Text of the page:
We gave up our work for a near fortnight. I forgot about my writing, forgot to check in on the world. We abandoned all hope of personal hygiene and routine. Instead we became soothing machines. We sang lullabies. We made puzzles. We read books. We cooked soups by the gallon. We fed them water, sip by slow cajoling sip. And in a move that saved our sanity, we let them watch TV.

It was bad, worryingly bad before it got better. And most worrying was seeing them listless at home. There was no clamouring to go out, to meet their friends. There was no stubborn insistence on doing things their own way.

They were too tired by their flu, and that, more than anything else, brought home to us how poorly they really were.

And then, one morning, my son woke up ready to return to school. “Not today,” I reasoned. “Wait till you’re better.”

And to my delight, he argued. He whined. He unleashed the dreaded ‘but I’m bored’. And I was thrilled. Finally, after the fortnight when time stopped for us, my son became conscious of how still things had really become.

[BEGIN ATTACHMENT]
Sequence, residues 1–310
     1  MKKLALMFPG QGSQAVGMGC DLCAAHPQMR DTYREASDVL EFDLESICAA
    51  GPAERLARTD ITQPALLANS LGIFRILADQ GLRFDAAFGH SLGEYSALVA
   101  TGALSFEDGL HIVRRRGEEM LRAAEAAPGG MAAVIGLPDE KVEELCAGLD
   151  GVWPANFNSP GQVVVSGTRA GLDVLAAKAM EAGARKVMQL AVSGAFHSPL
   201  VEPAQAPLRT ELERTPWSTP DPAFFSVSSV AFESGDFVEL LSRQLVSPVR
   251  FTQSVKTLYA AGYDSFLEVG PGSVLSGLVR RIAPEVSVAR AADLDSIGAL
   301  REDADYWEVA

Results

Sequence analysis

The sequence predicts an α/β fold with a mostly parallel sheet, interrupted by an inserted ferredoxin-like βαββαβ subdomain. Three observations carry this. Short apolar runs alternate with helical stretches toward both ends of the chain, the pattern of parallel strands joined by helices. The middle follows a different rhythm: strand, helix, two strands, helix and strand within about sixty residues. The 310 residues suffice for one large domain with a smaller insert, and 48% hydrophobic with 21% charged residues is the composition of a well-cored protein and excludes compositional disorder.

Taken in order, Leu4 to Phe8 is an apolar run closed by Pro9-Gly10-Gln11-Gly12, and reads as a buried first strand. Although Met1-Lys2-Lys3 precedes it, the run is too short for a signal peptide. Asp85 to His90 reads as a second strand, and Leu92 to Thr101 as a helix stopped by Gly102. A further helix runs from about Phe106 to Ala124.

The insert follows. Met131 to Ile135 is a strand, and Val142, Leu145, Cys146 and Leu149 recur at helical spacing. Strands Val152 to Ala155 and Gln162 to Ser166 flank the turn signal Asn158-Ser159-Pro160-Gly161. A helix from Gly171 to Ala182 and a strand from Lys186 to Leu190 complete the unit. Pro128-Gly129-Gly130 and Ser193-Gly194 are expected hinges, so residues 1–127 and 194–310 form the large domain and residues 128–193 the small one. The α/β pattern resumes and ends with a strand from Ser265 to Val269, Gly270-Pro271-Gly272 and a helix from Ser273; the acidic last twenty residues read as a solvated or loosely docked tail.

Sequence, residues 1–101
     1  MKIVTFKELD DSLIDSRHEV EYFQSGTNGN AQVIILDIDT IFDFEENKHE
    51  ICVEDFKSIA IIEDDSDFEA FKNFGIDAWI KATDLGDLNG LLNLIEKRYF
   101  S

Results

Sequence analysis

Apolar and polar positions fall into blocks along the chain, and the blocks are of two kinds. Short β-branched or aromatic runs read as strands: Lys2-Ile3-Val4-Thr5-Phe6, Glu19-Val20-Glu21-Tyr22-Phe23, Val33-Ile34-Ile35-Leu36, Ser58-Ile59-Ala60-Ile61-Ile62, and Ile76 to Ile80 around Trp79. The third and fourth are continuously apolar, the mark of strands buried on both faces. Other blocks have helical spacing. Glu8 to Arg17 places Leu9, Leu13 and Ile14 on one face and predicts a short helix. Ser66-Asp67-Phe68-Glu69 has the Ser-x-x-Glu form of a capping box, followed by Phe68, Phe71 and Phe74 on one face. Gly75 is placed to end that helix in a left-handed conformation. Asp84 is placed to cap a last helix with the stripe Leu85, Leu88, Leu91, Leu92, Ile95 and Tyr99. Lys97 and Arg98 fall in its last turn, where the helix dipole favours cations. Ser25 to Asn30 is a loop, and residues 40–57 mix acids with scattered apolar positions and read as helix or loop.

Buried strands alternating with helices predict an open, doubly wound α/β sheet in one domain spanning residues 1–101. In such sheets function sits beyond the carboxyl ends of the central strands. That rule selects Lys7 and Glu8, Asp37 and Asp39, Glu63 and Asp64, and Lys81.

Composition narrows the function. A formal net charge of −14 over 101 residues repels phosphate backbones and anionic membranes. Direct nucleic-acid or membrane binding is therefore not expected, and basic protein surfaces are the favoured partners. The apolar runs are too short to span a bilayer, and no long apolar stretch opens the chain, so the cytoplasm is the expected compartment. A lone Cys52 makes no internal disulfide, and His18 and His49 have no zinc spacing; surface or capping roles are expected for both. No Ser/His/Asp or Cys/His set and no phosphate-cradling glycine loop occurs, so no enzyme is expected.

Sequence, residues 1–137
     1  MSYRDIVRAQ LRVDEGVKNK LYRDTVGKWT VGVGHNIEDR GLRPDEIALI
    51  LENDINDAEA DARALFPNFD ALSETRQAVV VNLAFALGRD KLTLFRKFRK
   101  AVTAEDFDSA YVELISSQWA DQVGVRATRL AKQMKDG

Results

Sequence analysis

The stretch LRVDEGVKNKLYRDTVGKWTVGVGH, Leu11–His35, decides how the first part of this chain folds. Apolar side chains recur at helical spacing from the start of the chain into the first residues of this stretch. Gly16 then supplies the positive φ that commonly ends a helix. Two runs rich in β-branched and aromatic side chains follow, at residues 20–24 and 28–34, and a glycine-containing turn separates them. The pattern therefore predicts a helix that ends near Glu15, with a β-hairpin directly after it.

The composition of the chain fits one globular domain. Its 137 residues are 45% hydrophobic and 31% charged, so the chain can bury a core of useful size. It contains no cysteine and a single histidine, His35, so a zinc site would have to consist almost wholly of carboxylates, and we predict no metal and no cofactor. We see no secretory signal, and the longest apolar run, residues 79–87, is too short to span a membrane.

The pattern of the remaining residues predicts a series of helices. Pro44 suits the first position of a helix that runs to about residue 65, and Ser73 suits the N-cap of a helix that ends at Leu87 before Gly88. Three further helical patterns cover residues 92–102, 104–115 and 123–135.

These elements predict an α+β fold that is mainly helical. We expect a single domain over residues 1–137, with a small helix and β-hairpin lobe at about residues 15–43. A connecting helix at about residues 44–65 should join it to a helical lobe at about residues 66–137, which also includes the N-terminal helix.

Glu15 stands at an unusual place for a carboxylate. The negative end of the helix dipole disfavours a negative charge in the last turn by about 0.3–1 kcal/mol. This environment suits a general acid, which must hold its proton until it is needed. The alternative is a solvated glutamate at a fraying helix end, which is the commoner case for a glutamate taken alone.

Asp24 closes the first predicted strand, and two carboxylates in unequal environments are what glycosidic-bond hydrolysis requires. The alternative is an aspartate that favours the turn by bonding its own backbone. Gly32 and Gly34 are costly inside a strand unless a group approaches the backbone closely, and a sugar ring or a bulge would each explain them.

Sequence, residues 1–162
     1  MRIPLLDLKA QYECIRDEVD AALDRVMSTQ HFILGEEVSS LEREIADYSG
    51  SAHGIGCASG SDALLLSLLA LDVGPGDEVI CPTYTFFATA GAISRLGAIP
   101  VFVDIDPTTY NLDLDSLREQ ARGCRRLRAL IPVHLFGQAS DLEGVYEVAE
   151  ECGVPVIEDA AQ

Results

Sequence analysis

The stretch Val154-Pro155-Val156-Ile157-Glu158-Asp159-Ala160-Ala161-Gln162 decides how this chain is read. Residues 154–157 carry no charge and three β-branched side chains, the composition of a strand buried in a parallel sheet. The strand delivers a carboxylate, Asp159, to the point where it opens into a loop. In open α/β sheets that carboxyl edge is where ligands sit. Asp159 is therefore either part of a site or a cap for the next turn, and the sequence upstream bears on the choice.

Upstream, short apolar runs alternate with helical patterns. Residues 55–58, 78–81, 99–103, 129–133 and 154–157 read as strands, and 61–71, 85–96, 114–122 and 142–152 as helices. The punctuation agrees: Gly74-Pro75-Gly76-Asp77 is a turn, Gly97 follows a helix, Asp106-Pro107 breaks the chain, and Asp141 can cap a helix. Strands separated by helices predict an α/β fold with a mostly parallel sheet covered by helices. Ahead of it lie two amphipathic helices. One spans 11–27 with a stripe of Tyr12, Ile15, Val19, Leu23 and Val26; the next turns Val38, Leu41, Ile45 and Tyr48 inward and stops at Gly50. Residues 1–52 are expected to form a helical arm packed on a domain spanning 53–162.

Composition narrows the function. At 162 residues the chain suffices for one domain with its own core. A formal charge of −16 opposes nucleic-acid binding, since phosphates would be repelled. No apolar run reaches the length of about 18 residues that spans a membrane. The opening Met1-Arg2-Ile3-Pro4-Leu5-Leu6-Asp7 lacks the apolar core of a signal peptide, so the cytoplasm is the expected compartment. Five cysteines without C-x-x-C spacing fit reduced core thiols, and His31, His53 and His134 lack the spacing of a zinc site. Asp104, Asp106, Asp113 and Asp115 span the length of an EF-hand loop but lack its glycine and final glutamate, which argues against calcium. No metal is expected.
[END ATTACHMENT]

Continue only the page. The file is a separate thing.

My daughter was on the mend too. Her energy returned as suddenly as it had disappeared, and all at once, her toddler demands resurfaced. Instead of TV, it was now park, or blocks. She wanted to be on the move.

And they were suddenly hungry again. They turned away from soup now, from the lentil and rice khichdi that has always brought me succour when ill. They wanted pasta. The wanted cake. They wanted something different.

And as they discovered their resistance, as their voices grew plaintive and then high pitched, H and I discovered that after the weeks of bated breath, of sleepless nights and endless worry, time was starting to move forward for us again. Tomorrow I’ll worry about my missed deadlines, but today, while the clamour of bored, healthy, childish whining builds to its inevitable crescendo, I’m grateful for its noise.

The importance of listening to myself

I was a good girl as a child.  Obedient.  Well behaved.  I listened.

And I wrote.  I kept diaries.  I wrote stories I placed in the most volatile setting I could think of.  The first Gulf War, which was then playing out several thousand kilometers away from my protected middle class life in India.  My family read all I produced, then advised me to avoid unfamiliar settings.  I listened.